The social dimension of Harding University — the pursuit of an education within a Christian social environment — is of paramount importance to the University’s mission. Indeed, the emphasis on Christ-centered student life within the Harding community is a key indicator of Harding’s uniqueness.
This chapter on student life presents an overview of student activities, Student Life and the student Code of Conduct. Detailed information is contained in the Student Handbook available from the Office of Student Life or online at http://www.harding.edu/PDF/Student_Handbook.pdf.
Harding is, at its core, a Christian university. The character, example and concerns of Jesus Christ are the standards that shape us and chart the course for our future. Because of this, an all-encompassing love for God and a corresponding love for people are at the heart of who we are.
One of our goals at Harding is for Christian spirituality to permeate every aspect of university life. In that sense, every page of this catalog comes under the heading of “Spiritual Life.” Some of the special activities and programs that promote this include:
Area Churches: As Harding supports and encourages spiritual development, we realize that a university is no substitute for the Church. Involvement with a local congregation is an essential component in spiritual transformation, especially during the college years. Area churches offer abundant opportunities for students to belong and serve. The University frequently encourages students not to neglect this vital piece of their education.
College of Bible and Ministry: An important aspect of our institutional identity is our belief in the Bible as the fully inspired and authoritative word of God. We hold it to be “God-breathed” and the basis of our teaching and life. The Bible is central to our goal of spiritual transformation in the life of everyone at Harding. Consequently, all full-time Harding students are required to enroll in a Bible class each semester. Eight hours of textual Bible constitute the “Spiritual and Moral Values” requirements of the University’s Liberal Arts Program.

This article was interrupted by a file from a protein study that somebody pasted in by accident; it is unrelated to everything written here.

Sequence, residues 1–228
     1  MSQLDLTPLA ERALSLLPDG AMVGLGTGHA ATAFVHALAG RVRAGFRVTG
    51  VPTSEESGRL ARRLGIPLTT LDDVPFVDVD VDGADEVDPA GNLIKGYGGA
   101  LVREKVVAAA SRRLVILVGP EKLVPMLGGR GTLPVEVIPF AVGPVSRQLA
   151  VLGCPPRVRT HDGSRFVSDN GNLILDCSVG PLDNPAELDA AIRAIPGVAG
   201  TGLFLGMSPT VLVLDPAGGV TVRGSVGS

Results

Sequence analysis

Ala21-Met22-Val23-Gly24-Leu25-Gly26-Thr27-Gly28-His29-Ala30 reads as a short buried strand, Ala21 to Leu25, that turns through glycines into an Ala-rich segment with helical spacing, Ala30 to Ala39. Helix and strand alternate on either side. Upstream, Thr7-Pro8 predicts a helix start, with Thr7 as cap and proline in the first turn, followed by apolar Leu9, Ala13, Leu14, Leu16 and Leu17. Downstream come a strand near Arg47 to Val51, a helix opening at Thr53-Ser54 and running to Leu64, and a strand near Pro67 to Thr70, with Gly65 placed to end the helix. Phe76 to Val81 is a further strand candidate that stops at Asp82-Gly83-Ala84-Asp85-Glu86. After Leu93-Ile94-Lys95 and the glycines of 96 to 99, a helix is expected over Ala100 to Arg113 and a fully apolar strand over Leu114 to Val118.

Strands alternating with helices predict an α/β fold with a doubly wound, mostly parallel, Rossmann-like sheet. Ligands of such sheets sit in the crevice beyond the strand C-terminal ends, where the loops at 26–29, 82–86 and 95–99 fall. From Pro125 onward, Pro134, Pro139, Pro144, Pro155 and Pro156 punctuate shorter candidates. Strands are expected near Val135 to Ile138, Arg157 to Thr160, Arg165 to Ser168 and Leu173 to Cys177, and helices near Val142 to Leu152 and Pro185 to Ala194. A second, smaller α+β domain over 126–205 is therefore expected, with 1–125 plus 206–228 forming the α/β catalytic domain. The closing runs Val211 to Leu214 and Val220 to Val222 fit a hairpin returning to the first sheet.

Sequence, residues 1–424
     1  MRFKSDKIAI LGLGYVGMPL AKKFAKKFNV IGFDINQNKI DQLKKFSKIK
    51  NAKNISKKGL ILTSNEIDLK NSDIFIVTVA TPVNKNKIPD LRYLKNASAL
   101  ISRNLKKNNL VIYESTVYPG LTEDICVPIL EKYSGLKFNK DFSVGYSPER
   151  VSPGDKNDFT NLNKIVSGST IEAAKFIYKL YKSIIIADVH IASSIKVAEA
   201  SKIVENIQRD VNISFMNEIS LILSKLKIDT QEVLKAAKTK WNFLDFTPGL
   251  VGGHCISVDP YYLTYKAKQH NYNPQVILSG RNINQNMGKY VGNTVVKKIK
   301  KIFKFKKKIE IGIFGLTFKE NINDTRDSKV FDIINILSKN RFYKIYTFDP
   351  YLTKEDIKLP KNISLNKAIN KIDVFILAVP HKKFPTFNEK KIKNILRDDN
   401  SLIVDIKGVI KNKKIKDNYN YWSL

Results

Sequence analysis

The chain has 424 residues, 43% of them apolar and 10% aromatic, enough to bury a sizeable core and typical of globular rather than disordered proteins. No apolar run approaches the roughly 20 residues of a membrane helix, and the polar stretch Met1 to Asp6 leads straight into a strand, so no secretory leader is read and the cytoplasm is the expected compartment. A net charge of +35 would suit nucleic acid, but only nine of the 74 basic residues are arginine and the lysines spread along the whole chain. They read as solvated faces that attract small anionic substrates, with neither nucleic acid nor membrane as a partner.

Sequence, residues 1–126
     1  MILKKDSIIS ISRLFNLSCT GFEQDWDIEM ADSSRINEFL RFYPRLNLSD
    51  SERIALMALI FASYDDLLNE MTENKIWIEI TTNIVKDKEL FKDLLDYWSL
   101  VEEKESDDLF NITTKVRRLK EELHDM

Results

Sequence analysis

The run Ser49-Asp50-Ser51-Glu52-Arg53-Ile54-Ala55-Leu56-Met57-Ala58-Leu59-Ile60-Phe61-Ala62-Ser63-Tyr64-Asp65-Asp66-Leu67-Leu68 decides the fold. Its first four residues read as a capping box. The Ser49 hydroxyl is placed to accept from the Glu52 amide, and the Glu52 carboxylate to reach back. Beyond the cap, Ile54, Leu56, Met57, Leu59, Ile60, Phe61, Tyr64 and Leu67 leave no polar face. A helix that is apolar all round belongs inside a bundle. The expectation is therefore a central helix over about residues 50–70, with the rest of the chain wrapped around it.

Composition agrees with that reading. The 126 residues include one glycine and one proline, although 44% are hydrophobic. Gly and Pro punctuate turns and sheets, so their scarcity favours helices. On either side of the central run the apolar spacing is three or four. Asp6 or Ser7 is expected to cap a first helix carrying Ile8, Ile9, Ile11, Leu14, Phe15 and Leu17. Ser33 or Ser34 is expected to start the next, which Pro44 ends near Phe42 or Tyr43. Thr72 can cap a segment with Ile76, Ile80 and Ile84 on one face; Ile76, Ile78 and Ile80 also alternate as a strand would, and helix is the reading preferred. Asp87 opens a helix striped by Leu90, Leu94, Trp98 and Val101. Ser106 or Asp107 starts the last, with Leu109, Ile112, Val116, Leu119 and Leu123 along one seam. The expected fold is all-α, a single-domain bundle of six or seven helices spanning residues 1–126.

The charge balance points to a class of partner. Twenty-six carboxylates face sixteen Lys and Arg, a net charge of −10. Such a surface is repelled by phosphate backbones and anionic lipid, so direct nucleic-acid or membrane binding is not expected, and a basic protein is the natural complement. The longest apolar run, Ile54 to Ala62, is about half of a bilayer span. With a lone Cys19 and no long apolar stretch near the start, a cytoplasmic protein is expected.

Chapel: A daily 35-minute chapel service has been a cherished tradition at Harding since our founding in 1924. This is a time devoted to worship and the building of community. Today it is where you can still hear the heartbeat of this university.
Devotionals: Student-led periods of worship are a constant occurrence on campus. Social clubs, dorms, and majors are just a few of the groups that organize regular devotionals. Singing and praying together, whether around the lily pool on the front lawn or in a dorm room after curfew, is one of the most cherished memories of many Harding graduates.
Campaigns: Harding University has always been a leader in world missions. Many students are introduced to this important work through Spring Break Campaigns and short-term international summer mission trips sponsored by GO! (Global Outreach).
Annual Lectureship: Another Harding tradition that dates back to the founding of the University is the annual Bible lectureship that is held for four days beginning the last Sunday of September. Classes are conducted throughout the day, and keynote addresses are presented each evening. This is a wonderful opportunity for students to connect with Christians from around the world and to hear important subjects addressed by expert presenters.